Dir: Jaume Collet-Serra. Starring: Dwayne Johnson, Aldis Hodge, Noah Centineo, Sarah Shahi, Marwan Kenzari, Quintessa Swindell, Pierce Brosnan. 12A, 124 minutes.
Black Adam is a bewildering entry in a franchise already falling apart at the seams. It’s therefore a perfect fit for what one day might be described as the “chaos era” of DC Comics’s corporate owners Warner Bros. This year, the studio merged with Discovery Group and placed Discovery’s CEO David Zaslav at its head. He then launched a wrecking ball at Warner’s creative portfolio – downsizing its animation unit, threatening any number of forthcoming films and TV shows, and notoriously cancelling HBO Max’s $90m Batgirl film.
Black Adam, starring Dwayne Johnson, may predate this entire debacle, but it has incidentally harnessed that same sentiment of action without thought. It’s relentless but stubbornly monotonous – what I imagine it’s like to be picked up curbside by the FBI and have a cloth bag thrown over my head, all while the car I’m in barrels through the dark towards an unknown destination. “What do you want?” “Where are we going?” “What do I have to do with any of this?” Don’t expect answers to any of the above.
Johnson’s Black Adam, who goes by the civilian name Teth-Adam, owes his powers to the same council of wizards mentioned in the 2019 DC Extended Universe movie Shazam!. We first meet him, via flashback, living in the ancient fictional nation of Kahndaq. In the comics, he was given the role of “protector of Egypt” by its gods, but that’s discarded here in favour of an exoticised, broad-brush depiction that’s somewhat Babylonian and Persian in influence. It’s indebted far more to Zack Snyder’s Orientalist epic 300 (2006) than anything else. Perhaps that lack of cultural specificity is an attempt to obscure the fact that Black Adam is played by Johnson – who’d courted the role since the early 2000s – as opposed to any Egyptian or other Middle Eastern and North African actor.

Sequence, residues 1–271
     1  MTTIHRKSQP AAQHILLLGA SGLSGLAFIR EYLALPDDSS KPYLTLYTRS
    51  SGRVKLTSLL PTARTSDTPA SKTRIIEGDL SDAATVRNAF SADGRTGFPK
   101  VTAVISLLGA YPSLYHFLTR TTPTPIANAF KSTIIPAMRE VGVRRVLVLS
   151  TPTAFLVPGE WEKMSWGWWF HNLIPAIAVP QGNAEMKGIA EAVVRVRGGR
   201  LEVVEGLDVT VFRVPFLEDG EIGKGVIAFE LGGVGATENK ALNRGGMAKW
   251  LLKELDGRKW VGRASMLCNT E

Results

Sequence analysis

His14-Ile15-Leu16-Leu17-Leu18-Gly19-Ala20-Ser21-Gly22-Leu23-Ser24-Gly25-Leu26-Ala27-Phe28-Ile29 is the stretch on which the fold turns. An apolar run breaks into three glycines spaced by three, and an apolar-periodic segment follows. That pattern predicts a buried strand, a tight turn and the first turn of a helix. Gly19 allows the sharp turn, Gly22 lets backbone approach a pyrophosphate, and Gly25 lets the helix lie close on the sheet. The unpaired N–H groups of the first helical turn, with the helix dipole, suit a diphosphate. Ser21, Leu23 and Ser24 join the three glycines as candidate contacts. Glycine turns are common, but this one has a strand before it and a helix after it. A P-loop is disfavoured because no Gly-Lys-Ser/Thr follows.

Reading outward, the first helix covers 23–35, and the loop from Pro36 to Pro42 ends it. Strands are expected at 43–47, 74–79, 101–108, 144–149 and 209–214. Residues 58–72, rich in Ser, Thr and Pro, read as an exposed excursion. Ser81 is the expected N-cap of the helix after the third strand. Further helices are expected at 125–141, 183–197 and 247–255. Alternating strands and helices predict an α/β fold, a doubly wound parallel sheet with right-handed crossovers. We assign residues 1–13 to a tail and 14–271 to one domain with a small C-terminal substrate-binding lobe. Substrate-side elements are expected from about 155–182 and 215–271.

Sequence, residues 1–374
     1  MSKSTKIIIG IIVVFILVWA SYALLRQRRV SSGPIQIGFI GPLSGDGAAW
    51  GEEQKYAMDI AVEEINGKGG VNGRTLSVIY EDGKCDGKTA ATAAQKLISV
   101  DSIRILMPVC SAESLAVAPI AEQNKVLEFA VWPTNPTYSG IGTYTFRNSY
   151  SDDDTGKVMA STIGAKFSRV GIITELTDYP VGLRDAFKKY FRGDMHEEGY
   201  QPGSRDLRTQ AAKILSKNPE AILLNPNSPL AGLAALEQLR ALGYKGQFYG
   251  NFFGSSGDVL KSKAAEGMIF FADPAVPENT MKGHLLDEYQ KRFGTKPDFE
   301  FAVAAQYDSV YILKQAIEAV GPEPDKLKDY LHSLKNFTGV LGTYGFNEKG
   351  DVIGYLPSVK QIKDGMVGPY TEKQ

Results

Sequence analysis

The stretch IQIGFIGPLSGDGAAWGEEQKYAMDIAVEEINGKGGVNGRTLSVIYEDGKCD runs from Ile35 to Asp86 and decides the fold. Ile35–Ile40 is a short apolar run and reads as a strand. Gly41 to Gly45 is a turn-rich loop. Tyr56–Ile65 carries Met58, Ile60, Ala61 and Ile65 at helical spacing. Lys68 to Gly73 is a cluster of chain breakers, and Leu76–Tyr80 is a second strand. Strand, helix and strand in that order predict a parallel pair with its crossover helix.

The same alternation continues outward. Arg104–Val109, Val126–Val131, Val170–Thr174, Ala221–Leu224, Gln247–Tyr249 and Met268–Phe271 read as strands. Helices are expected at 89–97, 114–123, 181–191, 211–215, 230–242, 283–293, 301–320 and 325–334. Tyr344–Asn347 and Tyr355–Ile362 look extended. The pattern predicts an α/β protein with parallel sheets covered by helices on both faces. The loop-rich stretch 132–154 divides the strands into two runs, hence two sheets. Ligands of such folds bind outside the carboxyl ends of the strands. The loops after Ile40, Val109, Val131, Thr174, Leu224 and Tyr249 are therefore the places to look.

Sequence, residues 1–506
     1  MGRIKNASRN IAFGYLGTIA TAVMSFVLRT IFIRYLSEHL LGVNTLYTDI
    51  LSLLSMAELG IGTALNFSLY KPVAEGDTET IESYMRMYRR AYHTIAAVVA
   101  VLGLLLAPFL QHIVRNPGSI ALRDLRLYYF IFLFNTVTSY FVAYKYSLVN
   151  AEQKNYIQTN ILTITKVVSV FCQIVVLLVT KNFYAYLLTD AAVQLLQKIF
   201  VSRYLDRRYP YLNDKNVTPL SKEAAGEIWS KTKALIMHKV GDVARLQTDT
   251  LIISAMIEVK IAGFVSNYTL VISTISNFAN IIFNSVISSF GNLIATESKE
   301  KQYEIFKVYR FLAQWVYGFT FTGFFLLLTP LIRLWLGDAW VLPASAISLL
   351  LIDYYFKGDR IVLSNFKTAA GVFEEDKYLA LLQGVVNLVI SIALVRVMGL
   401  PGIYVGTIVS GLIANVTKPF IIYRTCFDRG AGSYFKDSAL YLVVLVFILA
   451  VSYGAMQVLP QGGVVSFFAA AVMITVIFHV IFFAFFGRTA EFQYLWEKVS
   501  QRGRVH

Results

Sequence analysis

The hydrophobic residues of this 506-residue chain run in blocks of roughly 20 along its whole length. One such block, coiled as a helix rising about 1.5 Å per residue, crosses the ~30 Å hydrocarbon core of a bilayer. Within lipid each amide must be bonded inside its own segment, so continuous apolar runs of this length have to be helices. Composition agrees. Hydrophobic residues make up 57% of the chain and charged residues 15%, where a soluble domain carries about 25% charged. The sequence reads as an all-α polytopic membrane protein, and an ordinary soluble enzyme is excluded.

After he’s unwittingly unleashed into present-day Kahndaq by a university professor (Sarah Shahi’s Adrianna Tomaz), Black Adam becomes an immediate person of interest to Task Force X leader Amanda Waller (Viola Davis). Despite Waller spending two Suicide Squad films and a spin-off TV show explaining that Task Force X was set up to force supervillains to do the dirty work of the US government, she’s now apparently in charge of the Justice Society of America, too. They’re a superhero group given such minimal set-up here that they might as well have been called the Justice League B-team.
Their leader is the metal-winged Hawkman (Aldis Hodge). Dr Fate (Pierce Brosnan, able to milk charisma out of thin air) is best described as a gentleman wizard. Cyclone (Quintessa Swindell) is the human iteration of those spinning fairy toys from the Nineties. And Ant-Man, sorry, Atom Smasher (Noah Centineo), is the comic relief who can turn into a giant and hold things for people. The JSA and Black Adam eventually have to team up against the criminal organisation Intergang, who have colonised Kahndaq in order to drain it of its resources. They have their eye on the legendary Crown of Sabbaq, which was forged by demons. That obviously spells bad news for everyone.
You will learn almost nothing else about these characters or organisations: what they do, what they believe in, or what motivates them. Director Jaume Collet-Serra instead ploughs headfirst into a barrage of confusingly shot action sequences, all of them tainted by that hazy yellow filter insisted upon by terrible American films set in the Middle East. Meanwhile, Lorne Balfe’s score screams in your ears, overshadowing all dialogue and emotion. And if there aren’t punches being thrown, Black Adam seems locked into heavy-handed portent: there are lots of vague references to power, destiny and fate, with Johnson delivering every line in the same exhausting monotone. There’s absolutely nothing of consequence.
Johnson has spent much of Black Adam’s press tour promising that the “hierarchy of power in the DC Universe is about to change”. His character has been introduced to supposedly complicate the morality of DCEU – as another person argues in the film, “it’s his darkness that lets him do what others cannot”. But wasn’t that the point of the Suicide Squad? If his “thing” is that he kills his enemies, then how is that different to what Zack Snyder was trying to achieve with his Old Testament god-heroes in Man of Steel and Dawn of Justice? And if Black Adam’s presence is meant to inspire a revolutionary spirit in Adrianna’s son, Amon (Bodhi Sabongui), then why do the JSA never have to answer for their part in trying to suppress that spirit? Whatever this new hierarchy of power is, it’s confusing as hell.
‘Black Adam’ is released in cinemas on Friday 21 October